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Making real the promise of democracy in the face of armed insurrection

Count every vote and Black votes matter signs
Rally outside the Philadelphia Convention Center, two days after the 2020 U.S. presidential election, calling for all votes to be counted.
  Photo: Ronna Bolante / AFSC

Yesterday, spurred on by exhortations by the president of the United States, a mob of white supremacists and Trump supporters broke into the U.S. Capitol building to stop Congress from certifying the results of the presidential election. This attack on democracy was shocking, but not surprising given the increasing violence, dehumanizing rhetoric, and outright lies that have been normalized over days, weeks, and years leading up to this moment. We are saddened to hear reports that four people are now dead and many more injured.

For decades, political leaders and media producers have been feeding a sense of white grievance to gain power and profit. Our screens and airwaves have been filled with rhetoric that devalues the ideas, humanity, and needs of Black, Indigenous, and people of color (BIPOC); women; LGBTQIA people; non-Christians; government leaders and workers. This demagoguery has created fertile ground for a rise in white supremacist violence.

We hope that this is a wake-up call. Our nation needs to undertake the long and difficult task of dismantling white supremacy and all forms of oppression in our communities, institutions, media, and government.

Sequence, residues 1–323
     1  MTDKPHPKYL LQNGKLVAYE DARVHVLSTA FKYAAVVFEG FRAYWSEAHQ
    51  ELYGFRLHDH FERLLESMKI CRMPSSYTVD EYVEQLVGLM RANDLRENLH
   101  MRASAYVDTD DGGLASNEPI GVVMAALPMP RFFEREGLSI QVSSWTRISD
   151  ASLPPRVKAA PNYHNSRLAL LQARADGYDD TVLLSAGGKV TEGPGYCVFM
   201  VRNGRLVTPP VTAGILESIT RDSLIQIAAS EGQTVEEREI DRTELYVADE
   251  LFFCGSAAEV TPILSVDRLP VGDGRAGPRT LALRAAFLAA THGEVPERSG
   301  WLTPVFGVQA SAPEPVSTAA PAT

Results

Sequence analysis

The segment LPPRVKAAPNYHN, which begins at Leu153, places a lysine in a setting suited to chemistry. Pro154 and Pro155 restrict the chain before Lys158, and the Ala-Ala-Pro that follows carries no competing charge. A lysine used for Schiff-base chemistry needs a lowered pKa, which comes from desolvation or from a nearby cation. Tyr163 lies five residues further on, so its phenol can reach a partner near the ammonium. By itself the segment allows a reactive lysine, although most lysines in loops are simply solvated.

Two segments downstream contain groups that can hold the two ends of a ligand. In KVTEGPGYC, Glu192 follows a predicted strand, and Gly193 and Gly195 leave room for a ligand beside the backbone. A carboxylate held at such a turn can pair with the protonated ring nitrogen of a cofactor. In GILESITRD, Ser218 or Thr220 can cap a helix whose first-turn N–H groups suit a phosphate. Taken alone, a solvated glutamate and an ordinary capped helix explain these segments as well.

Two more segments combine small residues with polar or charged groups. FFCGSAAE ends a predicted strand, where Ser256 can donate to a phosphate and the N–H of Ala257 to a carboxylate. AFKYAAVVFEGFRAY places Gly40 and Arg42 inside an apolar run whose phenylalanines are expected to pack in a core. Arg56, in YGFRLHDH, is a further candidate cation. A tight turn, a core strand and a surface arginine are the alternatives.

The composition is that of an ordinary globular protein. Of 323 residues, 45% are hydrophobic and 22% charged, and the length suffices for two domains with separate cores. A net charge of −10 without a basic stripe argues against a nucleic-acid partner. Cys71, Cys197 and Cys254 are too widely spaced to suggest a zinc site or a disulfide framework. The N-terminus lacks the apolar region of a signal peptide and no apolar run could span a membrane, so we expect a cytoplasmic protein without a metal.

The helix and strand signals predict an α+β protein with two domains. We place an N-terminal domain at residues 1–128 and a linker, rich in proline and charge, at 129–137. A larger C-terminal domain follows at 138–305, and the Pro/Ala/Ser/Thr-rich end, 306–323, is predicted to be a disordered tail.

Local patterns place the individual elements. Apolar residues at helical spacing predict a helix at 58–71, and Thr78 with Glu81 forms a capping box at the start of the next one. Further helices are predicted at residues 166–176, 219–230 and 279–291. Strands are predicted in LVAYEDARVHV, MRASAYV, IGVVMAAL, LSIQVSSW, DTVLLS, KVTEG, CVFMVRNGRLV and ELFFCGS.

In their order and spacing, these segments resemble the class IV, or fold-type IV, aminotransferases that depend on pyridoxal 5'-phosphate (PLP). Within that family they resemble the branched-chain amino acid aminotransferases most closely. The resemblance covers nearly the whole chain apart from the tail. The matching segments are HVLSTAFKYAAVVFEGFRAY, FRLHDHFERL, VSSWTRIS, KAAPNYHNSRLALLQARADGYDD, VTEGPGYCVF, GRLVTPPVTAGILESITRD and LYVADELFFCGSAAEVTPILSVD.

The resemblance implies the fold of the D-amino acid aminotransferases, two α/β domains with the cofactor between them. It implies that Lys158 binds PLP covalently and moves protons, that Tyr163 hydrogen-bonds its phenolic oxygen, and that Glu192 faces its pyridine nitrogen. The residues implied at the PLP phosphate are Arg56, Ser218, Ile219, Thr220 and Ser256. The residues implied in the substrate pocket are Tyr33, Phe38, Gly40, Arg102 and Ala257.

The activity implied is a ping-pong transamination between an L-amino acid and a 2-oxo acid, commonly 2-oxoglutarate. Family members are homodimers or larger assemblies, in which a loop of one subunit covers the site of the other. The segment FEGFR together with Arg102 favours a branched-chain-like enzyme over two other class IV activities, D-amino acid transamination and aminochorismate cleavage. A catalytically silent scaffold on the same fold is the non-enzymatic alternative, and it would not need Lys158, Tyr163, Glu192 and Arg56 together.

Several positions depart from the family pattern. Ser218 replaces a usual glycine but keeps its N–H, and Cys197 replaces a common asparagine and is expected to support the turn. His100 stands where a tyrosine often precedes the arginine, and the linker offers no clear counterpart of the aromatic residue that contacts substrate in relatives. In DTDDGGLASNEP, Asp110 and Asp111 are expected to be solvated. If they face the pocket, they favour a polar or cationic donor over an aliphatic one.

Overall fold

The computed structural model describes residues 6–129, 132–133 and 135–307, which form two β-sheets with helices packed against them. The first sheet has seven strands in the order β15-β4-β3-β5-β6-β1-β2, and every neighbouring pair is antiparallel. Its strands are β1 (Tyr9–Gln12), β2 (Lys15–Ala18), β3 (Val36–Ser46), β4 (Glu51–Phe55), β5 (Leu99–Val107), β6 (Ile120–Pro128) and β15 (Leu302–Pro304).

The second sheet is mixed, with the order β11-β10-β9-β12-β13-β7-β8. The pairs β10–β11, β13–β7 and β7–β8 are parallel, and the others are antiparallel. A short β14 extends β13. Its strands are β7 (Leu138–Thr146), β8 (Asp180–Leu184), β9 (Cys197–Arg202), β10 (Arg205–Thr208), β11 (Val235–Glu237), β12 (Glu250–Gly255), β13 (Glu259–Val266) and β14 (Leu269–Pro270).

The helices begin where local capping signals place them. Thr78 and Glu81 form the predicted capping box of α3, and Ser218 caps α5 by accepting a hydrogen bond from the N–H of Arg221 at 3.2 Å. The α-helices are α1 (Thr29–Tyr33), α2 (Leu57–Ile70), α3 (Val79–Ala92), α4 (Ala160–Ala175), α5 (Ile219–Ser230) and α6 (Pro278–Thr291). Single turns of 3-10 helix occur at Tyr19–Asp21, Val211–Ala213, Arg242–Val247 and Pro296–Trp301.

While we grapple with the legacy and current fruits of white supremacist thinking, we must also address the ways in which our culture affirms and perpetuates violence. Violence inherently devalues people and prevents trust-building efforts among communities. As a Quaker organization that is founded on the faith that every single person deserves to be treated with dignity, we abhor violence and the logic of dehumanization that supports it. That applies to armed mobs as well as to the violence of the state.

At Black Lives Matter protests and protests throughout U.S. history, BIPOC people and their allies have faced immediate opposition, arrests, tear gas, and violent instigation by police. In stark contrast, reports from yesterday’s insurrection showed police taking a dramatically more permissive approach – a blatant reminder of the enormous racial inequities in how laws in the U.S. are enforced.

As we grapple with the Capitol takeover and the events that preceded it, we all must see the politics and rhetoric of white supremacy – and those using white supremacy to divide us – with new clarity. We call on leaders at all levels of our society – businesses, governments, media, faith groups, civic organizations – to speak out against the baseless conspiracy theories about the election that the president continues to promote and pledge their support for nonviolence and building up democratic institutions. We call on the president and his advisors to immediately and unequivocally lead in this.

And we call on people from across the political spectrum to rededicate themselves to the pursuit of democracy, liberty, and justice for all. This means supporting a peaceful transition of power. It also means protecting and expanding voting rights, supporting the right to peacefully protest, and challenging the systemic racism and militarism that made the events of yesterday possible.